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COPENHAGEN CONSENSUS ON CLIMATE PROJECT

On September 2, 2009, I presented an assessment of the potential direct benefits and costs of climate engineering, to an expert panel
convened by the Copenhagen Consensus on Climate Project. My paper, co-authored with Lee Lane, argued for research into
climate engineering. The expert panel consisted of the following individuals.

Jagdish Bhagwati, Columbia University

Finn Kydland, University of California, Santa Barbara (Nobel Laureate)

Thomas Schelling, University of Maryland (Nobel Laureate)

Vernon Smith, Chapman University (Nobel Laureate)

Nancy Stokey, University of Chicago


Presenting to this group was a tremendous honor and something for which I am thankful. Here are a couple of pictures of the event.

 

Seated at the round table are (from left to right, running clockwise): Finn Kydland, Thomas Schelling,
Vernon Smith, Bjrn Lomborg, Jadgish Bhagwati, and Nancy Stokey.


Seating at the round table is the same. Seated at the table in the foreground, from left to right, are
Roger Pielke, Jr., Anne Smith, and Lee Lane (my co-author).


RESULTS

The expert panel heard from over 20 authors detailing 15 different approaches to climate change. They ranked the two
areas we presented, research into marine-cloud whitening and research into stratospheric aerosol injection, 1st and 3rd.
You can view the full results here.

 

MY STATEMENT ON THE RESULTS

An expert panel of distinguished economists including three Nobel Laureates has found that, among the possible approaches to reducing the harm from climate change, R&D on solar radiation management (SRM) is a very good use of resources. According to the panel, R&D on marine cloud whitening was the single most promising use of resources, but R&D on aerosol injection also earned a "very good" rating. Expert Panel member and Nobel Laureate economist Thomas Schelling said, "We found that climate engineering has great promise. Even if one approaches it from a skeptical viewpoint, it is important to invest in research to identify the limitations and risks of this technology sooner rather than later." The full results can be viewed at:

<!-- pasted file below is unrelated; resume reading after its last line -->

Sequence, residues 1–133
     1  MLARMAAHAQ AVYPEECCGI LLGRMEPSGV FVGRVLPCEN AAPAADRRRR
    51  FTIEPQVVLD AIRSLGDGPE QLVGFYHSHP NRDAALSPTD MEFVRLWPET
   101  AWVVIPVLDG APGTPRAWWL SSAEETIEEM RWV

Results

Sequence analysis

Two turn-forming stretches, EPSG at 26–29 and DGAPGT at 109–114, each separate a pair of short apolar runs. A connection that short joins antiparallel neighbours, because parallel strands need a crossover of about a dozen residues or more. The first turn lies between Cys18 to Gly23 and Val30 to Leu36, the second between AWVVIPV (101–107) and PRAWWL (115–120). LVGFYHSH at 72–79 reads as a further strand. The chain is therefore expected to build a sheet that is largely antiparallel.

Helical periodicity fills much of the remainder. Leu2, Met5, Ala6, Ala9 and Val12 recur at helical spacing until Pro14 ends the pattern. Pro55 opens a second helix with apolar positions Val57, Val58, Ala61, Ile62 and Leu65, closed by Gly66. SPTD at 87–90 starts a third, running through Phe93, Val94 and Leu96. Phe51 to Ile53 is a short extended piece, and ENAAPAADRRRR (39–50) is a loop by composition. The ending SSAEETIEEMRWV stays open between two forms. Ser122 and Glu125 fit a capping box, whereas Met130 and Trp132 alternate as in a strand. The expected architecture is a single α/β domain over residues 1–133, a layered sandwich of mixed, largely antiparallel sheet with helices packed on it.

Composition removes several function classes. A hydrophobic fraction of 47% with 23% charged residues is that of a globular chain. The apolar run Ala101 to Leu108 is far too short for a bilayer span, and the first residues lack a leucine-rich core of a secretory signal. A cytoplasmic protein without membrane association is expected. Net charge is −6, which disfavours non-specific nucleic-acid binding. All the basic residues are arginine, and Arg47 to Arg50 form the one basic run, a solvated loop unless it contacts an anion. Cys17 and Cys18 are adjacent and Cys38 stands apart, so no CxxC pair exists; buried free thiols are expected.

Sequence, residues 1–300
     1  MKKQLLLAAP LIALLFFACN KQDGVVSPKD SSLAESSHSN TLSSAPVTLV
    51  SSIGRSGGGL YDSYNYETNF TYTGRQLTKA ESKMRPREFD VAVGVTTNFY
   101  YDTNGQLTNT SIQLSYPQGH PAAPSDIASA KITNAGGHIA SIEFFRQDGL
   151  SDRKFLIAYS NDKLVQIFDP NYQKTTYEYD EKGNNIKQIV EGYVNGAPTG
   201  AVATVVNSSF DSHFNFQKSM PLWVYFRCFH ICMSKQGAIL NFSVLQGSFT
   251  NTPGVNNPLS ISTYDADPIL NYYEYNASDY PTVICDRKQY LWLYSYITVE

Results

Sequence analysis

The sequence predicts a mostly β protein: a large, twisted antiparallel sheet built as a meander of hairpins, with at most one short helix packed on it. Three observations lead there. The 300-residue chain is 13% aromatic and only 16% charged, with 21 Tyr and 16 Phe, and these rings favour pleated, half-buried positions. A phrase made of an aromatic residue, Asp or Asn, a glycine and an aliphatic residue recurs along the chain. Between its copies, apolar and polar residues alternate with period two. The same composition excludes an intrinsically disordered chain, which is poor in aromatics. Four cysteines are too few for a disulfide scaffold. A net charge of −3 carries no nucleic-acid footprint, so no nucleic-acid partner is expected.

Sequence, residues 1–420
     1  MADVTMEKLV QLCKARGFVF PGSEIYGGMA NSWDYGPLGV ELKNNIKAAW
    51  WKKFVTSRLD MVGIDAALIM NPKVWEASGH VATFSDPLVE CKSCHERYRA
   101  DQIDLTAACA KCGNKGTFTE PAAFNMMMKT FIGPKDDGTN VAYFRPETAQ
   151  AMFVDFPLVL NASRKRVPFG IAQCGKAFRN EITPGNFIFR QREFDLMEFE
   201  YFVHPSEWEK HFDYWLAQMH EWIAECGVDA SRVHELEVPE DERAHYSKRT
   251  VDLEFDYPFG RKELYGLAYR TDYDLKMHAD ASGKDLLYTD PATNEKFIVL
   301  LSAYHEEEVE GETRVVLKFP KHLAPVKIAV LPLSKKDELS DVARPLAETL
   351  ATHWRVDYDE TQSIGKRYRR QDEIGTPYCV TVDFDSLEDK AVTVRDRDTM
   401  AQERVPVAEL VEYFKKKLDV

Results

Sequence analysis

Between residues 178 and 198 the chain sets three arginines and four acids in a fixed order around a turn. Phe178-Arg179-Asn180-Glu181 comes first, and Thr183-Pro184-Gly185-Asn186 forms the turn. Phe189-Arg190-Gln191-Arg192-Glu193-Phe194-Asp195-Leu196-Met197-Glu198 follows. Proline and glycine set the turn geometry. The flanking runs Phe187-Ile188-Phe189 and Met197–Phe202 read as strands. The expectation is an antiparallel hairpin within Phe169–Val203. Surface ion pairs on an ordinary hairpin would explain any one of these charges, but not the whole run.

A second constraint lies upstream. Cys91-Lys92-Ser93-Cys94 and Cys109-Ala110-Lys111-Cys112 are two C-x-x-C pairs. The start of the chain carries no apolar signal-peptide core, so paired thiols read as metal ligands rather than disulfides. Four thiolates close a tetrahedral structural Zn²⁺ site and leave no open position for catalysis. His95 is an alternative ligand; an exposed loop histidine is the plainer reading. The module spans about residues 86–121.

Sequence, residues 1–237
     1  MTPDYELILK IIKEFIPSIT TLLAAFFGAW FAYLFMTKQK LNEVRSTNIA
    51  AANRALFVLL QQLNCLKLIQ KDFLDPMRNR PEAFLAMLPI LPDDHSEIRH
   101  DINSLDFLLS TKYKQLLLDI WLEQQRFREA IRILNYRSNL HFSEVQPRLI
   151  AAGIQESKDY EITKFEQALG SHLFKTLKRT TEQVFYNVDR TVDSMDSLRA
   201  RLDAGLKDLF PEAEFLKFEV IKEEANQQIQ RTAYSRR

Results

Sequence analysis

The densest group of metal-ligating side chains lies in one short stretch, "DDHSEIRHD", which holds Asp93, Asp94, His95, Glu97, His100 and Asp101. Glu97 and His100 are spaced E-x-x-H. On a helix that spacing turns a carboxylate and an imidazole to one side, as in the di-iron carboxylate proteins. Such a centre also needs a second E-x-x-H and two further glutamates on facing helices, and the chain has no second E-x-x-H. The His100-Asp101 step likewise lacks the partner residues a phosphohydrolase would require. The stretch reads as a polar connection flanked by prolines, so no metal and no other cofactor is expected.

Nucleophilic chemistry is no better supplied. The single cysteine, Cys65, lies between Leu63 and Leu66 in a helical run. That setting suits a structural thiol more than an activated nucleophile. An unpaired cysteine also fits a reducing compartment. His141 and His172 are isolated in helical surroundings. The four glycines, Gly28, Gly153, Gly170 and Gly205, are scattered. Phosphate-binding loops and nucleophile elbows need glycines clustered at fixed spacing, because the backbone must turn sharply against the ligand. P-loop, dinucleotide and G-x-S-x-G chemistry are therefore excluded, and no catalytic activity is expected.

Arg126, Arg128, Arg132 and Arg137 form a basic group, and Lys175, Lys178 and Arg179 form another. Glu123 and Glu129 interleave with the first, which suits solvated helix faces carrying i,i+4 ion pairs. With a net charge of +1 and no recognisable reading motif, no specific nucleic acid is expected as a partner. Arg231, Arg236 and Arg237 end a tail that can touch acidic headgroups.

http://fixtheclimate.com/#/component-1/the-result-prioritization/

The expert panel was composed of: Prof. Jagdish Bhagwati, University Professor at Columbia University; Finn E. Kydland, Henley Professor of Economics at the University of California, Santa Barbara; Dr. Thomas Schelling, Distinguished University Professor, Emeritus at the University of Maryland; Dr. Vernon L. Smith of the Chapman University's Argyros School of Business & Economics and the School of Law, and Nancy Stokey, the Frederick Henry Prince Distinguished Service Professor of Economics at the University of Chicago.

In all, the panel considered fifteen options drawn from eight assessment papers. It considered options in climate engineering, forestry, adaptation, energy R&D, and technology transfer, as well as cuts in CO2, black carbon, and methane. For each policy area, at least one shorter paper critiqued the primary papers. The question posed by the analysis was: "If the global community wants to spend up to, say $250 billion per year over the next 10 years to diminish the adverse effects of climate changes, and to do most good for the world, which solutions would yield the greatest net benefits? ..."

The expert panel considered SRM options based on an assessment paper by J. Eric Bickel of the University of Texas at Austin and Lee Lane of the American Enterprise Institute. Papers by Dr. Roger Pielke, Jr. and Dr. Anne Smith critiqued the Bickel and Lane analysis. The Bickel/Lane paper noted that the net benefits from SRM might amount to $4 trillion to $14 trillion. The paper considered the use of SRM in conjunction with a number of hypothetical greenhouse gas control regimes. It found that poorly structured GHG control regimes would dramatically raise the benefits of an SRM option. (The paper suggested several factors that seem likely to cause actual GHG control regimes to fall far short of those that would be optimal.) The Bickel/Lane paper also cautioned, though, that various potentially harmful side effects might flow from SRM deployment. The scale of effects, it noted, could only be determined through a careful and systematic R&D program. It recommended no decision of SRM deployment be made until such a R&D program had been successfully conducted.

Bickel and Lane asked for a research budget of about $10 billion over ten years, out of the expert panel's $2.50 trillion hypothetical budget. This leaves $2.49 trillion to fund other approaches/technologies.